DURING the farm bill debate, much of the focus was on the "savings" that would come from changes to farm programs. The biggest-ticket line-item savings came from eliminating direct payments worth $6 billion a year, but those savings could never be realized.
New forecasts by the Congressional Budget Office (CBO) and the University of Missouri's Food & Agricultural Policy Research Institute (FAPRI) predict that the new farm programs will surpass payout levels under the old system of direct payments, potentially reaching $7 billion annually over the next few years.
A revised farm baseline prepared by FAPRI has program costs jumping nearly $1.7 billion, or 81%, from the previous prediction for the 2015-16 marketing year.
CBO had estimated costs reaching $36 billion for 2014 through 2023. The new CBO baseline updates that figure nearly 50% higher to $52.7 billion over the same time period.
Direct payments were replaced with the Agricultural Risk Coverage (ARC) or Price Loss Coverage (PLC) safety nets, and as crop prices have retreated, the potential payouts from these programs could see short-term spikes before moderating as increases from year to year flatten out.
CBO projects total payments to corn and soybean producers from ARC alone to be $3.37 billion in fiscal 2017, when the government will have to pay out on the safety net. That is 38% higher than the amount producers collected last year under the direct cash payment system.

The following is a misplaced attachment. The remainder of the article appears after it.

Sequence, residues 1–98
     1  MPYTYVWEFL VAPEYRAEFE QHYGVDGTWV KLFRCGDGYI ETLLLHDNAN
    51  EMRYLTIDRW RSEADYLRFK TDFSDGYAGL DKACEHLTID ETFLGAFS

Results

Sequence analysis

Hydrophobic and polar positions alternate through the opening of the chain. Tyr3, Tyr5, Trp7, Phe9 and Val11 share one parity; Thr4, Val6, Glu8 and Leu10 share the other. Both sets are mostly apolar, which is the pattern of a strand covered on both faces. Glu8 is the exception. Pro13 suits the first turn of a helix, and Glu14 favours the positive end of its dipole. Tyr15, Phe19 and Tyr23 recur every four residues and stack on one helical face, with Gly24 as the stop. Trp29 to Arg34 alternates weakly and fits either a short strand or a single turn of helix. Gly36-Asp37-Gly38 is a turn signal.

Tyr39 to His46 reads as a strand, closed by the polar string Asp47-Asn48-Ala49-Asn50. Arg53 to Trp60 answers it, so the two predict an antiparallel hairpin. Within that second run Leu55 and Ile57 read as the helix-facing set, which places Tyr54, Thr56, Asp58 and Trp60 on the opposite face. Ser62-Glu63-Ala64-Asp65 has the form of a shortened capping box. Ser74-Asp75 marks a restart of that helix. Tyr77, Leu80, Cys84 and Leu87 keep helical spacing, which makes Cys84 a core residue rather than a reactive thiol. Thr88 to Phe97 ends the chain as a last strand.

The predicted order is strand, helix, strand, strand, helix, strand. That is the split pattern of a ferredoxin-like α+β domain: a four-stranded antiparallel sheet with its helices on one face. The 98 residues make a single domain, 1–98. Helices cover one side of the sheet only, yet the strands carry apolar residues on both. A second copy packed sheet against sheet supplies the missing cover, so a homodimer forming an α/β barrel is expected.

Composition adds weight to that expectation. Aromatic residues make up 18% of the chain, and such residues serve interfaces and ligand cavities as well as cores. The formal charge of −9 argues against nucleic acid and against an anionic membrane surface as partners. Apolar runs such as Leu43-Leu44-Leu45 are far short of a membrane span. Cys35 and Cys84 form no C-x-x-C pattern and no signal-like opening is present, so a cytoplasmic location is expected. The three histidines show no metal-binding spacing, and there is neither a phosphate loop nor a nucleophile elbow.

Farmers still have until March 31 to make final ARC or PLC election determinations, so it isn't certain how many will sign up for each. FAPRI projects ARC and PLC payments to peak in the 2015-16 marketing year, but after this year, program rules force downward adjustments to ARC revenue benchmarks for many crops and counties.
On the other hand, CBO estimates for the federal crop insurance program are very close to what was projected a year ago: a 10-year cost of $90 billion then versus the new baseline of $89.1 billion.
Using the new CBO projections as a backdrop, the House and Senate budget committees plan to mark up their respective versions of the fiscal 2016 congressional budget resolution this week. From there, those will go to the House and Senate floor and, if passed, will be negotiated into a final budget resolution to guide spending decisions for 2016.
The National Sustainable Agriculture Coalition (NSAC) said there is a "strong possibility" that reconciliation instructions will direct the agriculture committees to cut farm bill spending by a designated amount.
Even though the farm bill was just signed into law, it's not unprecedented for a budget reconciliation bill to reopen farm bills.
Congress enacted downward adjustments to government support prices for commodities in 1987 and made slightly more cuts in 1989. The 1990 version made cuts in tandem with the farm bill passed that year. The 1996 budget reconciliation act made major cuts to the food stamp program that had been reauthorized in the farm bill that year.
Most recently, the 2005 Deficit Reduction Act modified the terms of the 2002 farm bill, not just lowering commodity subsidies but also cutting conservation, rural development, ag research and renewable energy programs, NSAC said.
Despite a unified front from the agriculture committees and commodity groups to prevent any cuts, these higher projected payouts will make it a harder sell.